Riordan AND Rooney Are Correct

(And they both miss something, too…)
Following Governor Christie’s announcement of $50 million worth of renovations for Camden High School, there has been an eruption of “yes versus no” amongst two of the Delaware Valley’s most active and influential bloggers/columnists.
First, on December 3rd, Matt Rooney of savejersey.com condemned the allocation of these funds, suggesting that it is pointless and wasteful to continue to fund what he calls a “Failure Factory”. Mr. Rooney also mentions the extreme difference in spending per pupil between Camden City, and say, Haddonfield, as he mentions later in his December 8th post on the topic. He says, “An ‘upgraded’ failure factory is still a failure factory. Tens of millions of dollars (!!!) sunk into physical/structural improvements for schools […] is an inexcusable waste of money”.
This initial argument condemning the allocation of an additional $50 million in funding does make me beg a very important question, similar to Rooney’s, and that is, “Why does educational spending yield little results in Camden?”. But for now, based upon the initial argument alone, I would have responded similarly as Kevin Riordan of the Philadelphia Inquirer did.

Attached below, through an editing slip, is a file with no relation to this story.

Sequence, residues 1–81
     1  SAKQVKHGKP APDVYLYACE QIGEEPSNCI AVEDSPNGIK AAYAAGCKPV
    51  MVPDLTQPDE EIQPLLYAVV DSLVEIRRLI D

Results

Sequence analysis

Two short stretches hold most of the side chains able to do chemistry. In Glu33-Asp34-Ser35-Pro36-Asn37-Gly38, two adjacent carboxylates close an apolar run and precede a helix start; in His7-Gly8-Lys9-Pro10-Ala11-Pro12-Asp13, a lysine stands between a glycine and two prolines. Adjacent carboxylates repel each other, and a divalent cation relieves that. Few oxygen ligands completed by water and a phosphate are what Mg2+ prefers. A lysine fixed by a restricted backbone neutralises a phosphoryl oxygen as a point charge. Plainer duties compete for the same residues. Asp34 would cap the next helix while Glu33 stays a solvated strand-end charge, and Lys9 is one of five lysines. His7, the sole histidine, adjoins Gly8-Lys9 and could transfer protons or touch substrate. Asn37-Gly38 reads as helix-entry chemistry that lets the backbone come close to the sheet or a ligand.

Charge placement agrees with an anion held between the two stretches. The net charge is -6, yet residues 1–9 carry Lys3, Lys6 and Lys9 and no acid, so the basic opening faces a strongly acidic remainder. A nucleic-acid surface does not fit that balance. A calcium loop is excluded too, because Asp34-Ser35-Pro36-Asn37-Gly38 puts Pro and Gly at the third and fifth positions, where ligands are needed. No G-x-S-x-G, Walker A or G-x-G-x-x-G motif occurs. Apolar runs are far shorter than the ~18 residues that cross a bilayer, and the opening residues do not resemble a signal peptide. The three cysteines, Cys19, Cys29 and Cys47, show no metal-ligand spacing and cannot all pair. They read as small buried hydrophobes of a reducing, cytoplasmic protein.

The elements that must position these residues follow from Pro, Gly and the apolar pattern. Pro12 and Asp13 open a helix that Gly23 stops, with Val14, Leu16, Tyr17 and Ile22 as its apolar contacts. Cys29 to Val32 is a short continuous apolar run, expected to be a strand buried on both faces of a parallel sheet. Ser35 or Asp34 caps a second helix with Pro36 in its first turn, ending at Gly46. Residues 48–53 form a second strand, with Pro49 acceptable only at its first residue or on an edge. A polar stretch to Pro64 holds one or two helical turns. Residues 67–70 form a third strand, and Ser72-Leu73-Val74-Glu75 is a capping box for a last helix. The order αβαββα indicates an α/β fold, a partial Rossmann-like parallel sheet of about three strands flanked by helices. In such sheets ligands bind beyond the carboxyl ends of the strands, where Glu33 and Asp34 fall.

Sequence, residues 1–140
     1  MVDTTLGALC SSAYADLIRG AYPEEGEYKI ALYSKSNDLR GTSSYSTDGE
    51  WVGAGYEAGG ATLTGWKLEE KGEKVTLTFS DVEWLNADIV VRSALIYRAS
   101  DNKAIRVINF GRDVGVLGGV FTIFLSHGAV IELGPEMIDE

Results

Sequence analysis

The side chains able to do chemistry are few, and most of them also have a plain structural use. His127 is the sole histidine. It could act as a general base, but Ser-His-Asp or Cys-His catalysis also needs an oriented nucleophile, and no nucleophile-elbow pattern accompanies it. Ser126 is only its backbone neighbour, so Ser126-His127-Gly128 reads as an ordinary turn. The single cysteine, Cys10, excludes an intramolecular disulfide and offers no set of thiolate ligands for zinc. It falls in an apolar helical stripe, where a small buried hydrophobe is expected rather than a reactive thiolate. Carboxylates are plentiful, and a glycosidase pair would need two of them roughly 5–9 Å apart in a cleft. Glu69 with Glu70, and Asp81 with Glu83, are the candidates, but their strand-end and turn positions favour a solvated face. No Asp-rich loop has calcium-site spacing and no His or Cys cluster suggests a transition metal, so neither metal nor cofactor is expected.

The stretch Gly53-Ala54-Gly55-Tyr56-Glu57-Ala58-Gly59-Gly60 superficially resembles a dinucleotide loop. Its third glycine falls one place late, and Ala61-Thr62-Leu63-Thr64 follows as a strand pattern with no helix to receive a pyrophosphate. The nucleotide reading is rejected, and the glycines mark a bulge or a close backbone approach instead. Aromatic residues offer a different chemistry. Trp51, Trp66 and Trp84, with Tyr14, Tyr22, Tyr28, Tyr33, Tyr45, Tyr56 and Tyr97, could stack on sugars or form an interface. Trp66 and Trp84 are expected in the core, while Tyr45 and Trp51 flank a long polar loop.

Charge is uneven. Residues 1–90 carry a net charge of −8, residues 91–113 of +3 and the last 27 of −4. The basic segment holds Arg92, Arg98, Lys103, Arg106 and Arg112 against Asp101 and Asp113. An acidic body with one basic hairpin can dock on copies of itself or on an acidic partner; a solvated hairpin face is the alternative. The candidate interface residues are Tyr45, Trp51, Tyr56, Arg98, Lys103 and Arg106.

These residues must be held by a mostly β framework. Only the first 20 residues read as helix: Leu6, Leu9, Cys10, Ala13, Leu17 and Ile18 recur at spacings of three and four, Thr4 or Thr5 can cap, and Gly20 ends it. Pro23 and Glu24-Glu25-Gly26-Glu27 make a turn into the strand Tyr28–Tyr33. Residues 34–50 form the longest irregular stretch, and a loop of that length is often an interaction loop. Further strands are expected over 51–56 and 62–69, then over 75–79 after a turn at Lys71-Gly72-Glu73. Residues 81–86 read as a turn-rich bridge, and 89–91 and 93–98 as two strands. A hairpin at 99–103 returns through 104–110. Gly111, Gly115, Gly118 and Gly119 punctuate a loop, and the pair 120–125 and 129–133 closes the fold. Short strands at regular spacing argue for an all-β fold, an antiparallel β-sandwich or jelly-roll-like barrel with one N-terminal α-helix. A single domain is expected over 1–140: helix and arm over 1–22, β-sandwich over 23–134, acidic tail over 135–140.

On December 4th, Riordan responded to Rooney’s blog post by saying that Camden High School is a worthy investment. Riordan argues that, “Camden kids deserve a high school with facilities on par with those elsewhere” and I wholeheartedly agree. I spent one day in Camden High School roughly two years ago in the month of May, and I could not wait to leave the building because I was literally cooking. I couldn’t tell you what was said during the class that I was supposed to observe because I could only focus on how hot I was in that classroom. So, including other structural concerns within the building, I can understand why students may struggle academically inside of that building. Having stated this, I find it unfair to deem the funds to be a waste of money, since such initiatives could dramatically change a child’s experience in school, and it could be argued that temperatures exceeding a certain degree would create an environment unfit for human health and well-being.